September 12, 2013 at 8:40 pm
Jack Miller says:
Self driving cars and highly efficient quad-copters have been invented that will soon revolutionize transportation, yet, we see no signs of understanding in our state. Indeed, federal authorities are using regulatory authority to slow the adoption of these wonderful technologies. Still, there is the promise that quad-copter regulations will be issued by year after next. Several states are allowing self-driving cars to either experiment or to operate. Nissan is the first big auto company to state their intent to bring the cars to market (within seven years). It is time to think a little broader than how to we convince people to pay more in gasoline taxes.
September 14, 2013 at 3:24 pm
Marsha Wyly says:
I have lived in Eastern NC for 18 years and have clients all over NE Eastern NC. I listen to my clients, neighbors and friends. I keep hearing the same stories over and over. Our roads keep getting promises for widening and improvements for the last 60 years. However, until the last 10 years all the funds have been diverted to higher priority areas in the Piedmont or roads leading to Raleigh. Roads traveling North and South in Eastern NC are a challenges due to our varied waterways. I understand that. At the same time they are our life lines that connect our communities and will provide the opportunities to grow the Inner Banks of our area.
Without good infrastructure in the Tier 1 & 2 counties these counties will continue to stay Tier 1 and 2. Poverty is not quaint. Unemployment is not a vacation. The state needs to invest in this section of the state or they will create the equivalent of a third world country in the Inner Banks.
September 15, 2013 at 10:19 pm
Ricky Evans says:
Tom, I cannot remember when I enjoyed an interview more than the one you did with Gov. McCrory on TV today. I am so worn out with "gotcha" interviewers whose interviews have little or no substance.
You focused on key issues of today and demonstrated great professionalism by letting Gov. McCrory respond without interruption.
I learned more today in 30 minutes about what has really been going on in state government at a macro level than the last 8 months of the local media Conservative haters.
September 30, 2013 at 10:32 pm
dj anderson says:
Agreed that Tom is a fine moderator. I haven't seen the interview yet.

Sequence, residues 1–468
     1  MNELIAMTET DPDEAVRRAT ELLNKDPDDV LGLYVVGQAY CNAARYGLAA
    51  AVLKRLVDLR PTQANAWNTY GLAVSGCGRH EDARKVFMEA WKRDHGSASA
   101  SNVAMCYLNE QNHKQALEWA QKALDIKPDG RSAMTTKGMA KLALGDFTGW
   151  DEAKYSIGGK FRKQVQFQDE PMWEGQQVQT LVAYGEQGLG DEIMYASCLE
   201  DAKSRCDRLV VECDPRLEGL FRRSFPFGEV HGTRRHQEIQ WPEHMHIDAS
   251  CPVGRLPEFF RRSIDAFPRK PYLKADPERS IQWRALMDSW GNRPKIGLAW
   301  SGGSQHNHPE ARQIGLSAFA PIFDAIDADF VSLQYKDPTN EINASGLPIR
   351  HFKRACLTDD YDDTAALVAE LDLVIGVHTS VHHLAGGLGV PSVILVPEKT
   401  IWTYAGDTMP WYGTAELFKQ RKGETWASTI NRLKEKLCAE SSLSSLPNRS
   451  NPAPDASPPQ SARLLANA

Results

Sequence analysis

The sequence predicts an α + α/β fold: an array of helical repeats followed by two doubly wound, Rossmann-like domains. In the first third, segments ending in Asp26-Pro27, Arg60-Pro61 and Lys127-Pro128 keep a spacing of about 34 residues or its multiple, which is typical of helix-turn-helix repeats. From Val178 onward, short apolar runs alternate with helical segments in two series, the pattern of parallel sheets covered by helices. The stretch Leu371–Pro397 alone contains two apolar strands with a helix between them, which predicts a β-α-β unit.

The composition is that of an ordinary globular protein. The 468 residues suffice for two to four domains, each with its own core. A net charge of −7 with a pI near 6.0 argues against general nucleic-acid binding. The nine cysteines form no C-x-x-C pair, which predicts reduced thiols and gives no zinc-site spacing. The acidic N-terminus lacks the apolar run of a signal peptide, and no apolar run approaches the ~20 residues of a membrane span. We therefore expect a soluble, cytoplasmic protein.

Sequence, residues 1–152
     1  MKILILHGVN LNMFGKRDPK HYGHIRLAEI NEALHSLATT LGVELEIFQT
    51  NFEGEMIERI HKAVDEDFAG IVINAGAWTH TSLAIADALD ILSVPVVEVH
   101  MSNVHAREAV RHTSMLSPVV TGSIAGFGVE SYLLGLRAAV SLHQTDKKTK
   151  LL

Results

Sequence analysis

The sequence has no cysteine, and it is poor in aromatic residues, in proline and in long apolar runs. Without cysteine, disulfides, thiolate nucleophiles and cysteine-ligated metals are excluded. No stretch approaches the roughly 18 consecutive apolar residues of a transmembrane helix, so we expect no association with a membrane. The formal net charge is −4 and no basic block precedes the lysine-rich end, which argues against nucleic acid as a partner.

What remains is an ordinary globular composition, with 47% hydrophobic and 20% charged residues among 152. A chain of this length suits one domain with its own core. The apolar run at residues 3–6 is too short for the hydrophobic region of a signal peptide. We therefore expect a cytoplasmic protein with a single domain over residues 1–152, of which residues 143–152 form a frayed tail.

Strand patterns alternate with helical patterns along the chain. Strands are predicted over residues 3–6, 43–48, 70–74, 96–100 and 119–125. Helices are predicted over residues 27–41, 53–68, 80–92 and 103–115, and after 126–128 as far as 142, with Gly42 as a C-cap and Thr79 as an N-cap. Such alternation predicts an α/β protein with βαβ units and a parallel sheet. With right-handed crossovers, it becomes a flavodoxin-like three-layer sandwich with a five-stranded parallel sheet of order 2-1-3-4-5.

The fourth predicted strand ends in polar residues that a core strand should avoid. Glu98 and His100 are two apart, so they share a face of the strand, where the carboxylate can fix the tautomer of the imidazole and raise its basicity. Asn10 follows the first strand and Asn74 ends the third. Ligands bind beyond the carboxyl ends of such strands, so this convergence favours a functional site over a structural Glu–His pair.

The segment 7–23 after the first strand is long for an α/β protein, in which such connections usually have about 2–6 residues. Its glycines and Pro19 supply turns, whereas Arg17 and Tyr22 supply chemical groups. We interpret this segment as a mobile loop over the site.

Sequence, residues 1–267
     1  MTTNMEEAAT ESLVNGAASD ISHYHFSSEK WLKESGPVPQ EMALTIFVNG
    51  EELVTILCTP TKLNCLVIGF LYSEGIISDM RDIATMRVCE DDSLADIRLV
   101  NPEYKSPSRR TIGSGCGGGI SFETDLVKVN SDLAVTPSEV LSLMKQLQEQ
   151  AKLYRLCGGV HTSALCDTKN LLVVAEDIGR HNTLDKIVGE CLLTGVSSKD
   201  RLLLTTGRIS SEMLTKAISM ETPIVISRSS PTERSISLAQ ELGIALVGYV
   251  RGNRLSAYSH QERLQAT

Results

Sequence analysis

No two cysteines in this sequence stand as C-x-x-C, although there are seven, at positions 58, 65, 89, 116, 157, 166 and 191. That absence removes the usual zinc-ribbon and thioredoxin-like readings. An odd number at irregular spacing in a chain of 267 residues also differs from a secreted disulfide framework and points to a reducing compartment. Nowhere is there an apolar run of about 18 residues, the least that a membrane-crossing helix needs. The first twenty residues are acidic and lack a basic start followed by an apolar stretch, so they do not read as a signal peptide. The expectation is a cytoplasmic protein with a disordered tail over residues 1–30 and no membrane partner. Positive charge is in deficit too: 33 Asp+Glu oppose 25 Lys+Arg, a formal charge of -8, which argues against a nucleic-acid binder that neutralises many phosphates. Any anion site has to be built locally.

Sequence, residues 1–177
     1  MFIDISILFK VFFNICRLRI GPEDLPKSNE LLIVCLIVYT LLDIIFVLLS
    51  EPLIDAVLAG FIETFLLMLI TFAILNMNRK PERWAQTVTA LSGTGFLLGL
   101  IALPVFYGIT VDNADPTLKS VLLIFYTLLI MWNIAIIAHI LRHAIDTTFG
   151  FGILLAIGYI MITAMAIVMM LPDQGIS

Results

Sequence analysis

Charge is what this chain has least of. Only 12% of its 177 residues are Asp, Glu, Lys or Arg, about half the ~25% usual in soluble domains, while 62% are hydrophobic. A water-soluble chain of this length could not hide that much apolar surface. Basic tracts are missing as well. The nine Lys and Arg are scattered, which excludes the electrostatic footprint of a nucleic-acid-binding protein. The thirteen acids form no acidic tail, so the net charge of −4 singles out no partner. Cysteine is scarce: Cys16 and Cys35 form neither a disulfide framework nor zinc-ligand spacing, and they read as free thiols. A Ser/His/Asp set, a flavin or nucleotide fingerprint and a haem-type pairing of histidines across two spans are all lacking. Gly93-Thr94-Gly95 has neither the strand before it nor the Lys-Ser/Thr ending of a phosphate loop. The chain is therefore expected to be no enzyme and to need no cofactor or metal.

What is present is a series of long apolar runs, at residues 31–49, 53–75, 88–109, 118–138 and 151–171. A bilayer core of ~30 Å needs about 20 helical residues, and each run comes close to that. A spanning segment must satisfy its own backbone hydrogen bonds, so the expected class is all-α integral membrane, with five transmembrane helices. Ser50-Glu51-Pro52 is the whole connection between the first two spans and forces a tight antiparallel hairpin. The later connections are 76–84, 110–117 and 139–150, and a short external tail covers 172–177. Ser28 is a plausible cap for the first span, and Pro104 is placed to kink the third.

September 29, 2013 at 10:06 am
gary charles says:
Tom - as an avid NC Spin viewer, I love the show and your mediating balance, difficult as it is from time to time. In reply to your Sept. 12 / "Running out of Gas" / Who makes the decisions which projects to fund and how will we fund them?
As a transplanted Texan, first arriving here in the fall of 1985, and observing the growth of NC over the years since - I share the following observances about infrastructure, the upcoming Wake County Bond election and what is perceived as growth and who is paying for it.
As a local contractor, and prior to the 2009 economic slow-down, not recalling where the origin of these figures were, but - in a 10 year over 10 year observation (based on permitting for new homes) - Wake County's growth was at about 85%, Durham was at 80% and Orange County was at 8%. WOW! Any idea s to why Orange was so slow? Was it by choice? Was it by design?
Actually, Orange placed "growth" costs (infrastructure - police substations, fire stations, schools, roads) as part of the elevated impact fees to the new home builder(s), which in turn chased them out of Orange and on to Durham and Wake. In Durham and Wake, these infrastructure costs were passed on to the existing property owners; under the auspice that "in time" they would make these costs back by the new property taxes. But, who pays for it in the interim? The existing people that live here, as well as, they pay for it by having less and less roads to drive on, most likely an increase in traffic accidents - which in turn raises all of our automobile insurance rates - since the insurance companies are governed to make a profit.
Basically, what Wake County is doing with their $810 billion bond for new schools for the masses of new kids (that came here with their parents, after their parents sold their more expensive per foot home in the north to come to a more affordable location here in NC - with the reduced cost per foot home provided to them by the whorish attitudes of the County Legislators saying that it is okay not to impose / include realistic impact fees to the builders & developers) is once again placing another facet of front-end costs of growth for people coming here on those residents that have actually been living here for all or most of their life.
What people fail to see is that most new residents here have "cashed in their chips", and are able to hold on to their winnings at the expense of the existing taxpayers; for failure of the legislators to have actually looked at what they were creating.
More cars, more damage to the road structures, more accidents, more taxes, less leisurely roads to travel on, more congestion, more exposure for accidents of school buses trying to get kids to school, most certainly more crime with the increase in population - with more tax increases to the existing residents, possibly, and over the long-term potentially chasing the original residents to make decisions to flee to other states with less tax rates; with the true long-term consequences for leaving the Capitol City's County in a lesser state of repair than it presently is?
One could not help but to laugh in watching this year's reports and opening comments of Wake County Schools busing issues this year. To me it is clear what the problem is, long ago immediate and short-term GREED by Wake County.
It is not two questions of Who makes the decisions and How to fund them; it is, How did we get here in the first place and Does anyone know the way back?
September 30, 2013 at 4:54 pm
Steve Bow says:
Amen to that!